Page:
While you can set up a sale for this within Shopify, or with any other payment platform, you’re still going to need the print books in your house, store them and ship them, which is why I don’t do this at the moment.

How does the money work? What are the costs? How do I get paid?

There are some upfront setup costs. 

Shopify has several plans and these will no doubt change over time, but it ranges from $29 to $299 per month depending on what level of functionality you need. Yes, I am now an affiliate so you can use my link: or just go to

For my Minimum Viable Store, I used it pretty much straight out of the box with no bells and whistles. You can also try it for free and see if you want to continue. 

Many authors, like Morgana Best and Katie Cross now use their Shopify store as their main author website, so this removes hosting costs for another site. 

To deliver ebooks and audiobooks, Bookfunnel is $20 – $250 per year depending on the size of your backlist and the functionality you require.

Lulu Direct and have minimal setup costs per book, so the total cost will depend on the size of your backlist, number of formats etc.

You can buy premium themes, but I used the standard Shopify theme included with the plan

My other costs are already costs of my business — my accountant and bookkeeper, Xero for accounting software, ConvertKit for email, as well as the usual bank and transaction fees. 

For the print books, you also have to keep your account at the printers topped up in advance. Payment for each order printed is taken from your balance. I top mine up in batches of several hundred pounds so it’s not a massive outlay, especially when you are paid so quickly after the sale.

In terms of income, one of the brilliant things about selling direct is how fast the money gets to your bank account.

Choose the payment methods you want to accept in the settings of your Shopify store. This can include everything from Shopify Payments to PayPal to Amazon Pay, and other options like cryptocurrency.

For my Minimum Viable Store, I set up PayPal, where the money appears almost immediately in my account and I can transfer to my bank account immediately as well as I’ve been using it for years. 

I also set up Shopify Payments, which are aggregated and paid to my account within 24-72 hours. You can change these settings based on your requirements.

Set the price for each Product, factoring in your costs and the profit you want to make.

You can set up different country or regional markets with different currencies and you can pay extra to set prices per currency or use their standard exchange rate. The money comes into your bank account in your store currency. 

The main cost for ebooks and audiobooks (on top of editing and book cover design, as well as narration) is your Bookfunnel account as above. 

So it’s a significant profit for digital products, minus transaction fees (for the basic plan it’s 2.9% + 30c per transaction, and there may also be PayPal and bank fees). 

Compare that with 30 – 65% that the third-party stores take from each transaction, or if you’re traditionally published, the cut that the publisher and agent take.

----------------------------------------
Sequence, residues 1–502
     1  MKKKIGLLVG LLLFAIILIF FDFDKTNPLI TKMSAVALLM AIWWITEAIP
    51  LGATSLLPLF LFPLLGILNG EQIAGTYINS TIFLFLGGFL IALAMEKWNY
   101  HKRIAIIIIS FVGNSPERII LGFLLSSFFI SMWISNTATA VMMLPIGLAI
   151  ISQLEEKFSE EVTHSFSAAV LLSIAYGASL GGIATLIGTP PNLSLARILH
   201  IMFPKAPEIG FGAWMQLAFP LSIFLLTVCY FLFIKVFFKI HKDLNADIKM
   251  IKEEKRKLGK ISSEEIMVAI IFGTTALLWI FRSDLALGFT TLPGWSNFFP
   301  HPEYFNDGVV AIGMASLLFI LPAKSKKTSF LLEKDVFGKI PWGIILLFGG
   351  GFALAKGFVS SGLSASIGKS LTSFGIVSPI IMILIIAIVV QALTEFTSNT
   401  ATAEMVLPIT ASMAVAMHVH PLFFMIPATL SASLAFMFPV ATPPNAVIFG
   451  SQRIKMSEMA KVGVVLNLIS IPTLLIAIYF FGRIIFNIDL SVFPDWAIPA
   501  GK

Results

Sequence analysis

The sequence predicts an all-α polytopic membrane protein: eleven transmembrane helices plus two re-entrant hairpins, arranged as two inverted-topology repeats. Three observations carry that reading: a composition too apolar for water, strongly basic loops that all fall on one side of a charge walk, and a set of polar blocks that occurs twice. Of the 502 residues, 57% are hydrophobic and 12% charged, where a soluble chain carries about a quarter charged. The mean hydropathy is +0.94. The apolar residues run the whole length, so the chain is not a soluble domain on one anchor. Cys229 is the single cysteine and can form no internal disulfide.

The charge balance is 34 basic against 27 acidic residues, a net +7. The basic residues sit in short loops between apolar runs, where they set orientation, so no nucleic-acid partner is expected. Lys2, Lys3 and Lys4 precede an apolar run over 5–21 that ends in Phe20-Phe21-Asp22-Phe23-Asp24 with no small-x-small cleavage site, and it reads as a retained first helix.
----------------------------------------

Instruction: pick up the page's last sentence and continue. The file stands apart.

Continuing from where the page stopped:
For print products, you obviously need to factor in the cost of printing as well as some exchange rate differences which come into play for overseas shipping.

The shipping is paid for by the customer on top of the price of the book. 

As a worked example, Mary buys How to Write a Novel direct. 

£10.99 – Book cost

£3.39 – Postage and packaging within the UK

Mary pays: £14.38 on

I receive that money almost immediately if it’s on PayPal or within a few days through ShopPay.

I have already put some prepaid credit onto Bookvault and they use that credit to offset the printing and shipping.

£3.58 – Printing cost

£3.39 – Shipping cost

Total cost: £6.97

 Profit on this sale = £7.41 (around US$9)

There are also fees on PayPal and Shopify which will depend on the plans you use. Assume 2.9% + 30c per transaction, so the fee on this would be around 71p. 

Total profit after fees: £6.70 (around US$8)

My books are also available through Amazon KDP Print and Ingram Spark, where I make around £3.40 profit per book, about half of what I make on my own store. And of course, that money doesn’t arrive in my bank account for at least 60 days. 

Traditionally published authors may only see a fraction of that profit, for example, 10-20% of net on paperbacks, depending on the contract.  

Yes, I could make the printed books cheaper, but this is a business and the whole point is providing a great product for a reasonable price and making a profit!

This way, selling direct is more profitable for print books as well as digital formats. That’s a game-changer, and in the publishing world where profits are being squeezed by subscription programs and ad costs, we need the change the game.

What about tax?

I am not a financial, legal, or tax advisor, so none of this is financial, tax, or legal advice.

Tax settings per product vary by country and, in some places, by state. Your country and the country of the customer will make a difference to the tax situation.